Over the last decade, unemployment for white Kentuckians remained consistently just below the state unemployment rate, while unemployment for African Americans was substantially higher—particularly toward the end of the decade. For whites, unemployment grew from 4.9 percent in 2001 to 10.1 percent in 2009, before dropping to 8.9 percent in 2011. In contrast, African American unemployment shot up from 7.3 percent in 2001 to 16.3 percent in 2009—and peaked at 19.4 percent in 2010.

The gap between the unemployment rates of whites and African Americans in Kentucky had nearly closed during the late 1990s and early 2000s, when the country was at near full employment. In 2002, the difference in unemployment rates for the two groups was only 1.2 percentage points. In 2010, the unemployment rate was 19.4 percent for African Americans and 9.5 percent for whites—a difference of nearly 10 percentage points.

Race

Source: Economic Policy Institute Analysis of Current Population Survey Data

African Americans are also more likely to be underemployed—meaning they are either unemployed and actively looking for work, employed part-time but would prefer a full-time job, are discouraged from finding a job or are unable to work because of a barrier like child care or transportation. In 2011, the underemployment rate for African Americans in Kentucky was 25.8 percent—compared to 14.5 percent for whites. Like the unemployment rate, the underemployment rate has grown considerably for African Americans in recent years; it was only 10.3 percent in 2001.

The state is experiencing the beginnings of economic recovery, but African Americans continue to face an extremely difficult labor market. In order for these inequalities to decrease markedly, the national economy needs to once again achieve near full employment—which at current rates of job growth will not happen for many years. More also must be done to address discrimination, inequalities in education and other factors that contribute to the state’s racial gap in employment.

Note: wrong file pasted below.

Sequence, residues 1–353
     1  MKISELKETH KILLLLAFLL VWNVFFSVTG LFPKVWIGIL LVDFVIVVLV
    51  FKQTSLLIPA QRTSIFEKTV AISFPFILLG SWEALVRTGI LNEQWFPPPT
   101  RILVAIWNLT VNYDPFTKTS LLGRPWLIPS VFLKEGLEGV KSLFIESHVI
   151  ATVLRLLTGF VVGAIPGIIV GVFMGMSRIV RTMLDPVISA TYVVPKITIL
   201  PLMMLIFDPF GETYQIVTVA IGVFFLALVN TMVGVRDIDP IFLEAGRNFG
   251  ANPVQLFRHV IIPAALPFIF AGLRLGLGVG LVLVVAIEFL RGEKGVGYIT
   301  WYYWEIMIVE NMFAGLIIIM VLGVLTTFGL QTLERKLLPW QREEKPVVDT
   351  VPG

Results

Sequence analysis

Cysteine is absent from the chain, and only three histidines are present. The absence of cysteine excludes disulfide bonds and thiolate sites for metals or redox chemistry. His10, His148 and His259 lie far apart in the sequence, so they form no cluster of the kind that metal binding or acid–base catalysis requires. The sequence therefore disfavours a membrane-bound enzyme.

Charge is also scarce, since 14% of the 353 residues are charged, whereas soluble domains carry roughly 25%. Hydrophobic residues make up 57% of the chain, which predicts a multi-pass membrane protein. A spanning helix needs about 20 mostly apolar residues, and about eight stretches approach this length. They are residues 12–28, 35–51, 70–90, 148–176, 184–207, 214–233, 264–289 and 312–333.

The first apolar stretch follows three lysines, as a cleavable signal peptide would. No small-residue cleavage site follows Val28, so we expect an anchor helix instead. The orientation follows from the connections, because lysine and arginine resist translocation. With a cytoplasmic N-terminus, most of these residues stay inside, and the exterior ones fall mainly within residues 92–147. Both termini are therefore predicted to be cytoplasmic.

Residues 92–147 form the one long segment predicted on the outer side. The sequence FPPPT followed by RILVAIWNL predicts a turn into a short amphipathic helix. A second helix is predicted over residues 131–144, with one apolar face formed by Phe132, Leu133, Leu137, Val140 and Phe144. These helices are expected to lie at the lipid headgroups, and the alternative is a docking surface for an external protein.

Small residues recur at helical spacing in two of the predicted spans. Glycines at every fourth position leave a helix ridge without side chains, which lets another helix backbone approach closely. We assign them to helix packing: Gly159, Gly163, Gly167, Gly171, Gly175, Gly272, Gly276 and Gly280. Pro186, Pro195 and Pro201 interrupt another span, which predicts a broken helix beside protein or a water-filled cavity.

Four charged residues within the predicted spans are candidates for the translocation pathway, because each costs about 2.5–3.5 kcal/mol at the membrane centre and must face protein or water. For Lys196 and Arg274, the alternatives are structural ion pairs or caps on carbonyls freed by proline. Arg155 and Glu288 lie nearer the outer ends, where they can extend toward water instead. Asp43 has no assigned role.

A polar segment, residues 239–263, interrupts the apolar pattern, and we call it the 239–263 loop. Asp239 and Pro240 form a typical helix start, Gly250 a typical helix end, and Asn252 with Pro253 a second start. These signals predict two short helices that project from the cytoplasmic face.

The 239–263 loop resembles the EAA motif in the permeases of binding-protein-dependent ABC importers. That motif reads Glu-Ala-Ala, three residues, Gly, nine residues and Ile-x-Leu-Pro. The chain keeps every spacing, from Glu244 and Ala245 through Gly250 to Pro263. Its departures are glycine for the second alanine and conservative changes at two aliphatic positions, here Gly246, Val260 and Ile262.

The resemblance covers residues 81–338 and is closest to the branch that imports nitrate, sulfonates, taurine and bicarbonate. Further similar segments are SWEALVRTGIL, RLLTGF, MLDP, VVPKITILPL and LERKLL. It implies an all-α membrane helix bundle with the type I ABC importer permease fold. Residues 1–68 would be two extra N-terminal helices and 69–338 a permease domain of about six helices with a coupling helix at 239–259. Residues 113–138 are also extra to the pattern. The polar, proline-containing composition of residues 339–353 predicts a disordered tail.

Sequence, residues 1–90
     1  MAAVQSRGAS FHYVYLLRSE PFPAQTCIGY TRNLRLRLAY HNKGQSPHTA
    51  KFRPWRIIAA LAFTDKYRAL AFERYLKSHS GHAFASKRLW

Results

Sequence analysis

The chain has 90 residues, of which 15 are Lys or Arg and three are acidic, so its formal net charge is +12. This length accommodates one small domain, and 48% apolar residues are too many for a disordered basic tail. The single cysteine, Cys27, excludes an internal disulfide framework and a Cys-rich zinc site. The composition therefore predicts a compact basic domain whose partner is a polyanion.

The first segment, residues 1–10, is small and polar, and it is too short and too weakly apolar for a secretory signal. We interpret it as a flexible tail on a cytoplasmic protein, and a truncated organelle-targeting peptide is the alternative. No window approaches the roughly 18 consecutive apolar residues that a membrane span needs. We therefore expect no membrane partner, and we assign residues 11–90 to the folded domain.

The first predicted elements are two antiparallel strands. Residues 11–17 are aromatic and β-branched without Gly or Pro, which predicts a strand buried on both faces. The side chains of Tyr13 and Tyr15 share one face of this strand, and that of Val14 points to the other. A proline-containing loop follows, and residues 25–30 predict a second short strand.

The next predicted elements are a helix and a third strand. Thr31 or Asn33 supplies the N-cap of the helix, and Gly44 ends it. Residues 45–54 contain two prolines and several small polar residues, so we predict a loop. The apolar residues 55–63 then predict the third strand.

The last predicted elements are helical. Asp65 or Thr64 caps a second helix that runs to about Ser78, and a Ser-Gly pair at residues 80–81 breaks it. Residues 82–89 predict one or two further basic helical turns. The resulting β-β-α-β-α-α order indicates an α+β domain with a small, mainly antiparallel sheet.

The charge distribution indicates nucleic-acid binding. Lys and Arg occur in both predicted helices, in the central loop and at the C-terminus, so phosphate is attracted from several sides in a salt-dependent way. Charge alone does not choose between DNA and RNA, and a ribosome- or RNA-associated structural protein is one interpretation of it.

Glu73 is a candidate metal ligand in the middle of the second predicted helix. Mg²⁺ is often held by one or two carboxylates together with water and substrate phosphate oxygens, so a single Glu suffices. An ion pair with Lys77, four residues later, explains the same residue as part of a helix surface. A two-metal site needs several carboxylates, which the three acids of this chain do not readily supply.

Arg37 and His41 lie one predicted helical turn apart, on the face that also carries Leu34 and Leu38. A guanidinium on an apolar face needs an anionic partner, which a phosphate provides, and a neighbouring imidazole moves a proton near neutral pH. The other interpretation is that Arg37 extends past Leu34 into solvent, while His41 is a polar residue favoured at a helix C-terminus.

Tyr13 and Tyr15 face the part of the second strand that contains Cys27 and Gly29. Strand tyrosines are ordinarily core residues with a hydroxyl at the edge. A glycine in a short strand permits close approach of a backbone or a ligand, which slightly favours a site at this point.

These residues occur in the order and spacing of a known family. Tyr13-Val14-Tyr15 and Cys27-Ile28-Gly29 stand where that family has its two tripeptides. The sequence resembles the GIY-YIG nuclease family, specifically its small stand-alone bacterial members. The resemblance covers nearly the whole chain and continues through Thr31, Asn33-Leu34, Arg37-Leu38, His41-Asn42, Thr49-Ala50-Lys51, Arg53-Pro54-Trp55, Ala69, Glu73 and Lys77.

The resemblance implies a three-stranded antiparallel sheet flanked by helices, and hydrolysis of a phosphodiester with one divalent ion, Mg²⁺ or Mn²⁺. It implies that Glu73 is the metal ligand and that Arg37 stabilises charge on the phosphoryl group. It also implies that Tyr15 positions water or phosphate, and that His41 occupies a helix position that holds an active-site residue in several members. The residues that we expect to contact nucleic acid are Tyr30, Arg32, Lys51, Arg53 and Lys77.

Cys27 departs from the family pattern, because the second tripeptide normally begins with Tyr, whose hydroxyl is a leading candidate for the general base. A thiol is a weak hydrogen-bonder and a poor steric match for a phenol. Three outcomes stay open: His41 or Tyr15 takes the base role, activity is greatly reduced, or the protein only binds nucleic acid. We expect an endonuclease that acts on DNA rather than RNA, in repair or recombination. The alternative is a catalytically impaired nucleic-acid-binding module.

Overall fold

The State of Working Kentucky 2012 is a series of blog posts highlighting how Kentucky workers and families are faring in key indicators of economic well-being including employment, income and wages.

The State of Working Kentucky 2012: Education

There is no question that greater levels of education are associated with higher wages and employment rates in Kentucky, and employment has been declining among those with less than a college degree in recent years. However, median wages have been stagnant for Kentuckians at all education levels over the last ten years—suggesting that our problems with job quality are more complex than just a skills gap.

Kentucky has seen wage stagnation across the board, but for those with some college or a high school degree, the trend is not new. Real (inflation-adjusted) wages have been relatively stagnant for the past thirty years. And while data are not available for all thirty years for those with less than a high school degree, there is evidence that their wages have actually been declining; real median hourly wages were $12.37 in 1979 and $10.00 in 2007. In contrast, wages for those Kentuckians with at least a bachelor’s degree were rising until the last decade or so when they flattened.

education 1 

Source: Economic Policy Institute Analysis of Current Population Survey Data